Mr Speaker, secondly, electricity has
    been a problem not only in the urban areas where we have had the chronology of al- ways saying dumso dumso or light off but also in our villages where we even have extended electricity. The President has made it clear that electricity would be ex- panded. These villages are going to have light and most of our rural communities are going to enjoy that light.
    During his Address on electricity, he
    also made mention that there are going to be solar lamps, which would be provided for most of these communities to replace lanterns that are being used with kerosene. I think this is very good and most of our rural communities would enjoy it and they would welcome it. They would not have to continue buying kerosene. I think it is a very commendable issue that we need to thank the President.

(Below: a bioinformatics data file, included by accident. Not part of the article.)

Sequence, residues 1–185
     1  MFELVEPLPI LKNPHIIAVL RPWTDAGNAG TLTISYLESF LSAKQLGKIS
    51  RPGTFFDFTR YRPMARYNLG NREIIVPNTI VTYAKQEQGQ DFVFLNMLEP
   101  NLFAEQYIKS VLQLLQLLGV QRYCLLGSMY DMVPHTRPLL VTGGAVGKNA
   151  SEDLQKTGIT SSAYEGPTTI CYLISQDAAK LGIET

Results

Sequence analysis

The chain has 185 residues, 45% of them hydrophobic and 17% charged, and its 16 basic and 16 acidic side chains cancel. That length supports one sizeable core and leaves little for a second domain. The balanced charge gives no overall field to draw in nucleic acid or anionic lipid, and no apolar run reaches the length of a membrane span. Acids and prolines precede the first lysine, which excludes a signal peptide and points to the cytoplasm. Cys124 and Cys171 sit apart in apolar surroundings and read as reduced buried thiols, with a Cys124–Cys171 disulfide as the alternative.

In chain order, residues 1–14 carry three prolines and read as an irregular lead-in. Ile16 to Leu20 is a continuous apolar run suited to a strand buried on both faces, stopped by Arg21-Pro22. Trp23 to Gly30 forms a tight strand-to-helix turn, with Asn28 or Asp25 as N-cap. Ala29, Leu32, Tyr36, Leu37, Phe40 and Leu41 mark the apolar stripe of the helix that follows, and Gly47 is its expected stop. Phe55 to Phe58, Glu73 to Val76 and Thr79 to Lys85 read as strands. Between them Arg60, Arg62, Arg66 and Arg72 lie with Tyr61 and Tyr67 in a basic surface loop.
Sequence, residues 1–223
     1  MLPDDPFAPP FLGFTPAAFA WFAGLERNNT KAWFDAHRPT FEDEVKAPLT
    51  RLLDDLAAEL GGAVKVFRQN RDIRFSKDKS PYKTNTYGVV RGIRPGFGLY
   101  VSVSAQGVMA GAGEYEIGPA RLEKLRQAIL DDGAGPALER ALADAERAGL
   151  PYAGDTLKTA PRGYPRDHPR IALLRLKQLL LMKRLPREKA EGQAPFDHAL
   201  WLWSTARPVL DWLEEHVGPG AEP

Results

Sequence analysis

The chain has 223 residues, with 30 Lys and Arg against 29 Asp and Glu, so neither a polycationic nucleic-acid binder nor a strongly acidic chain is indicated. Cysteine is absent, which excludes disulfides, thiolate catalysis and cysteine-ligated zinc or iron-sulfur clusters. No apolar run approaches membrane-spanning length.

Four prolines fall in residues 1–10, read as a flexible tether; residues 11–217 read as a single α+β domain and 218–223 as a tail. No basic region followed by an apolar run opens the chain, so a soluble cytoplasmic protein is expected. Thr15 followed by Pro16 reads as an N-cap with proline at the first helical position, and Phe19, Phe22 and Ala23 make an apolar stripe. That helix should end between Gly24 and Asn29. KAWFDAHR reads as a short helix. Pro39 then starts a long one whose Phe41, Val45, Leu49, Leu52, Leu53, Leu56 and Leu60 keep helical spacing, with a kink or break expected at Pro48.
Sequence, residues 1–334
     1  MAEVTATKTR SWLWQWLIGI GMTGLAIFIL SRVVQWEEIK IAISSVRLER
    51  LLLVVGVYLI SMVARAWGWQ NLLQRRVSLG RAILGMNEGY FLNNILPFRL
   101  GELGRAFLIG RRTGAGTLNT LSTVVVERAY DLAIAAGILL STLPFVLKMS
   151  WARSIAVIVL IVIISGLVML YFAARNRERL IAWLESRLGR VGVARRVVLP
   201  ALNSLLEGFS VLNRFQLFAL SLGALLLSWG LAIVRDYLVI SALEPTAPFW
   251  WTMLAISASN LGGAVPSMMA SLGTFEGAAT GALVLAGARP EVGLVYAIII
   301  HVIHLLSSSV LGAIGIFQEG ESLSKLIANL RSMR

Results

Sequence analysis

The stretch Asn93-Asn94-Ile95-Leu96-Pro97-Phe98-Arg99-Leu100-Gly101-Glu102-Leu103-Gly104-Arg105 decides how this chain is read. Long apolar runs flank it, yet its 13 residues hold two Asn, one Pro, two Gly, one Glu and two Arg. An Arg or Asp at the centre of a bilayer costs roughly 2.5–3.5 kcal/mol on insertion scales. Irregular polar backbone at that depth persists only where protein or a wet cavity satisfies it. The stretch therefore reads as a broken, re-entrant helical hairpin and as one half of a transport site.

The President also mentioned the issue of senior high schools (SHS). The issue of senior high schools has come up very
    Ms Laadi A.Ayamba (NDC -- Pu- siga) noon

    strongly and I think that, roughly, six years ago, we had the issue of extending our secondary schools to four years without considering the issue of accommodation.

    When the NDC Government came to power, it was one of the first issues that it had to address. This is because we had stu- dents who had to study under trees -- not only basic schools or kindergartens but in the senior high schools. Why did we have to extend the years, when in actual fact, we knew that we did not have classrooms? So, the NDC Government took up this issue and had to provide infrastructure, not only as classrooms, but even for other academic works -- our science laboratories and what have you. The NDC Government took it up and the President is saying it is going to continue. This would continue and this would help our rural folks.

    We have given the pass mark from junior high school to the senior high school as aggregate 40 or aggregate 42. Most of our pupils get even aggregate 32 and do not have schools to attend. So, in expanding the senior high schools, most of these pupils are going to have schools to attend rather than say they have passed but only having a system in place but then it does not work. So, the idea of expanding existing ones and building more senior high schools is very laudable and it is most welcome.